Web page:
Koolhaas talked about the history of Japan, the imperial period, Japan’s invention to China, the problematics of Japanese topography, the large scale, things that perhaps had influenced the teachers of the metabolists, and created the impulse for what was about to follow. For Koolhaas, the modernity coming along with the Metabolists, is not the modernity as we know it, but is a modernity connected to Japanese tradition, in fact “it is 50% past and 50% future.” Koolhaas focused a lot on the example of Kisho Kurokawa, for his educational, architectural practice approach, initiatives, and mainly for his ability to create an incubator for metabolism. He talked about “nostalgia” for such an epoch where architects would maintain friendship, community, would sit and discuss one next to the other, like Noboru Kawazoe, Kenzo Tange and Kisho Kurokawa. He did not avoid saying how unthinkable this is today for architects: to maintain such friendship, to produce and live together.

Figure 07. Noboru Kawazoe, Kenzo Tange and Kisho Kurokawa. Image source: Gizmo

The last part of the lecture would be about architecture and the media through the case of Kurokawa. Koolhaas would show a series of pictures that had to do with him becoming a known silhouette, one of the figures that would re-invent the masculine image. At that time Kurokawa would answer intimate questions, would reveal the content of his pockets, would do things that no architect can afford doing today. He could theorize for whatever he wanted. Koolhaas also referred to the mass oeuvre of Kurokawa himself, “480 reports over 36 years” and he admitted feelings of inferiority for this “seriousness.”

Figure 08. Panel to follow the lecture: Rem Koolhaas (left) and moderators: Michael Hays (middle) and Sanford Kwinter (right). Photo credits: Dimitris Papanikolaou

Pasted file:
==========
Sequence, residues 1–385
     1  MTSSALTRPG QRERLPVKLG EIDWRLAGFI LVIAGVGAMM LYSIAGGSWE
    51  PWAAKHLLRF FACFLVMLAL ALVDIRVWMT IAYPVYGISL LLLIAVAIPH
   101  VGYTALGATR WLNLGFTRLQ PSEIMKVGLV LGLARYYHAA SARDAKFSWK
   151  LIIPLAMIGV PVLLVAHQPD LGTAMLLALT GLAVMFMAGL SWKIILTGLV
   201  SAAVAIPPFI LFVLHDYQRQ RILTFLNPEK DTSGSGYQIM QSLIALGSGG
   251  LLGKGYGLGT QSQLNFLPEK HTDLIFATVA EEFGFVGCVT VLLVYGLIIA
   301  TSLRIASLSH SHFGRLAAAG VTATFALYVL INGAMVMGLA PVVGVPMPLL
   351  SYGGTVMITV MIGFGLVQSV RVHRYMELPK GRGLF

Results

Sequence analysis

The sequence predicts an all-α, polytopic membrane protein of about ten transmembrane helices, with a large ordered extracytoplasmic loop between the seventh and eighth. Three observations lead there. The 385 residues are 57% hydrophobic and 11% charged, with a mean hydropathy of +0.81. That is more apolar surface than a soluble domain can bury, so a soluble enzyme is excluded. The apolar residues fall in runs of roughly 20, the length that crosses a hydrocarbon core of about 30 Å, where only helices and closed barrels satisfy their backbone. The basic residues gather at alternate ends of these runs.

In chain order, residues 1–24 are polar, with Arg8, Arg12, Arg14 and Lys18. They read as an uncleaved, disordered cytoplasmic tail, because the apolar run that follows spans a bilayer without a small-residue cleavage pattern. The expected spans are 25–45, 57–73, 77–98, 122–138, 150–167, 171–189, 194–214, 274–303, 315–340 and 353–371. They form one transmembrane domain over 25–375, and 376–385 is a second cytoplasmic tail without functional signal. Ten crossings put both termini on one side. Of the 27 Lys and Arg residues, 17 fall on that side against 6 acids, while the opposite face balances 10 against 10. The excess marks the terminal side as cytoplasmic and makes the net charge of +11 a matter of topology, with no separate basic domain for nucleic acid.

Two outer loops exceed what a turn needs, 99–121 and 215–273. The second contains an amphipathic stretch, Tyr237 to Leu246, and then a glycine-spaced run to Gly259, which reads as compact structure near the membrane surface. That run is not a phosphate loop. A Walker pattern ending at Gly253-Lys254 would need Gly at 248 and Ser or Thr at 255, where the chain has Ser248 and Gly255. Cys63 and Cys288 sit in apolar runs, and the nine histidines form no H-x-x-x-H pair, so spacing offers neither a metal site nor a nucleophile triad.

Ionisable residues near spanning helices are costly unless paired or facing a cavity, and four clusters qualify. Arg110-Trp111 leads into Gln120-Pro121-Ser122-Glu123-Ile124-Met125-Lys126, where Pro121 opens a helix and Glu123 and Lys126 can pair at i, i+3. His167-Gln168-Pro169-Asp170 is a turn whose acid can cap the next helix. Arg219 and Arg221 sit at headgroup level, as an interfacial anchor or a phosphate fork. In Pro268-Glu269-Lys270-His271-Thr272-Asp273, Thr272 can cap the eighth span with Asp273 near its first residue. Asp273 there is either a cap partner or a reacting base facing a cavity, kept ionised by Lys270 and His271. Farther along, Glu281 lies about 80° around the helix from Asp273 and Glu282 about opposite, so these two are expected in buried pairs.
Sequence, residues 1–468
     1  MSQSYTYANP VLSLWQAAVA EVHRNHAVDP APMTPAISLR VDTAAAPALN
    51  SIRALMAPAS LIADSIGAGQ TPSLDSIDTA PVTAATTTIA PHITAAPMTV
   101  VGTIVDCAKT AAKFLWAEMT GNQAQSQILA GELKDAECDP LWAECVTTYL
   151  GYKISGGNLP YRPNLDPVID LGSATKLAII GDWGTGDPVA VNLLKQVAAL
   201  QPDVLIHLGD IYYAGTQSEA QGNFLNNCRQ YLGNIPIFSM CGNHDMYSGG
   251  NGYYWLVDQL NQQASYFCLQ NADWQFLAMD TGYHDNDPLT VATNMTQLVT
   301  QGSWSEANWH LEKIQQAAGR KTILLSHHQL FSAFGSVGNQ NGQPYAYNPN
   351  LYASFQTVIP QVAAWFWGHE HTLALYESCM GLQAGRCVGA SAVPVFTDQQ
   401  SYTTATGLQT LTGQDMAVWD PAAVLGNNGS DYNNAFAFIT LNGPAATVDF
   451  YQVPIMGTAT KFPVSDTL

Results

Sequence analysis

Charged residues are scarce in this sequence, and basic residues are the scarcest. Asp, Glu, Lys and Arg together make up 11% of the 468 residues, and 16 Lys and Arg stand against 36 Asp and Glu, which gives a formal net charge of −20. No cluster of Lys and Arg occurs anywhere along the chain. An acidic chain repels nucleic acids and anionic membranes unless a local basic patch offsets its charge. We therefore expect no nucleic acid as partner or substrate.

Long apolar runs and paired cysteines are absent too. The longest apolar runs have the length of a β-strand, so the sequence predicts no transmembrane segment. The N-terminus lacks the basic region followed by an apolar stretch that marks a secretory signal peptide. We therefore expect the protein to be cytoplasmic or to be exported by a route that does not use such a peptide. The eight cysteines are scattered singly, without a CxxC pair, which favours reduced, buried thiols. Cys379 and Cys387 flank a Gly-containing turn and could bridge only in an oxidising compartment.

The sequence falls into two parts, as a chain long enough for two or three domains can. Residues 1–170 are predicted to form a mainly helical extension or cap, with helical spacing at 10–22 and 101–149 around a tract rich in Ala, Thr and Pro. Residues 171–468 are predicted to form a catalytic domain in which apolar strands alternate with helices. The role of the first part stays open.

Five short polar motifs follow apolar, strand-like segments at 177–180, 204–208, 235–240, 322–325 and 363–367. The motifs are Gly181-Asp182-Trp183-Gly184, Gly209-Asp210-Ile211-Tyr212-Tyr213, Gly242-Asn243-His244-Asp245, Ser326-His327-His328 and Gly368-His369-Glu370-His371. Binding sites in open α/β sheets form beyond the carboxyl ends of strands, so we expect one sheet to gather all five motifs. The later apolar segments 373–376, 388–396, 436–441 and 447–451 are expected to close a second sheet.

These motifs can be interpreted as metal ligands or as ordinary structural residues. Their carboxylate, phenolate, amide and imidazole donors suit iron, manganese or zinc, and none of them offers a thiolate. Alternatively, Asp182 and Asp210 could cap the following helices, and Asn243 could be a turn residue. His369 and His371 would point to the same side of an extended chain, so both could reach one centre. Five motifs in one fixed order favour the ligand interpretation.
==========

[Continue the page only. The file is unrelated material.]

K. Michael Hays and Sanford Kwinter were the two brave theorists to moderate the discussion and deal with Rem Koolhaas phenomenon. The continuity of the conversation was impossible, if not difficult, but its theatrical character almost necessary for the institutional community of GSD.  Observing the dynamics among the agents was equally, if not much more exciting, compared to what it was actually being said or communicated. Kwinter’s spontaneous “I am jealous” for the life and career of making books and buildings and essentially changing or, with Rem’s words, transforming the world was one of the first statements in this dialogue. He would continue to express his admiration through phrases to signify participating in a battle. Other topics mentioned were bureaucracy and corporate firms, the avant-garde, conflict, politics, etc. One of the most architectonic comments would derive from Hays regarding how lighting and circulation space become new materials for architecture (example the HdeM parking in Miami). Hays questioned how essentially we return to pure structures, the mechanical systems, as raw material for architecture.  In a way, it is a disengagement from the wrap (the wrap disappears?). Kwinter read geography as Rem’s “huge preoccupation” and Hays extracted that Koolhaas in Strelka Institute, in Russia, teaches everything except the cities!

Questions of the audience would range from being “mean” ( Are you approaching the end of your career?), to “informative” (What are the strategic missteps of the Metabolists?), to “humanitarian” (Are you planning to engage the less wealthy?) and “research-agenda” (how do you unify your diverse research interests?). It seems that lot of issues presented in this lecture would deal with the need to discover, identify, or construct possibilities for transformation. The noun transformation along with the verb disappear would be the two notions that seem to recurse throughout the night around different themes: people, form, nature, and so on. One would wonder are these connected? How does transformation take place when things start to disappear? Or, are these simple statements (begin-end-begin of periods) to control architectural trends similar methods with which  fashion designers, tastemakers, or brand strategies define the directions the masses should follow?







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One Response to “Goodbye Starachitecture, Welcome Countryside! Dis-appearances in Rem’s lecture”

  1. Koolhaas at the GSD: Current Preoccupations « Klaustoon’s Blog Says:

    [...] of Koolhaas’s lecture at Harvard, with Michael Hays and Sanford Kwinter as partenaires, check “Goodbye stararchitecture”, by colleague and friend Zenovia Toloudi at Shift Boston Blog. A brief but interesting review of [...]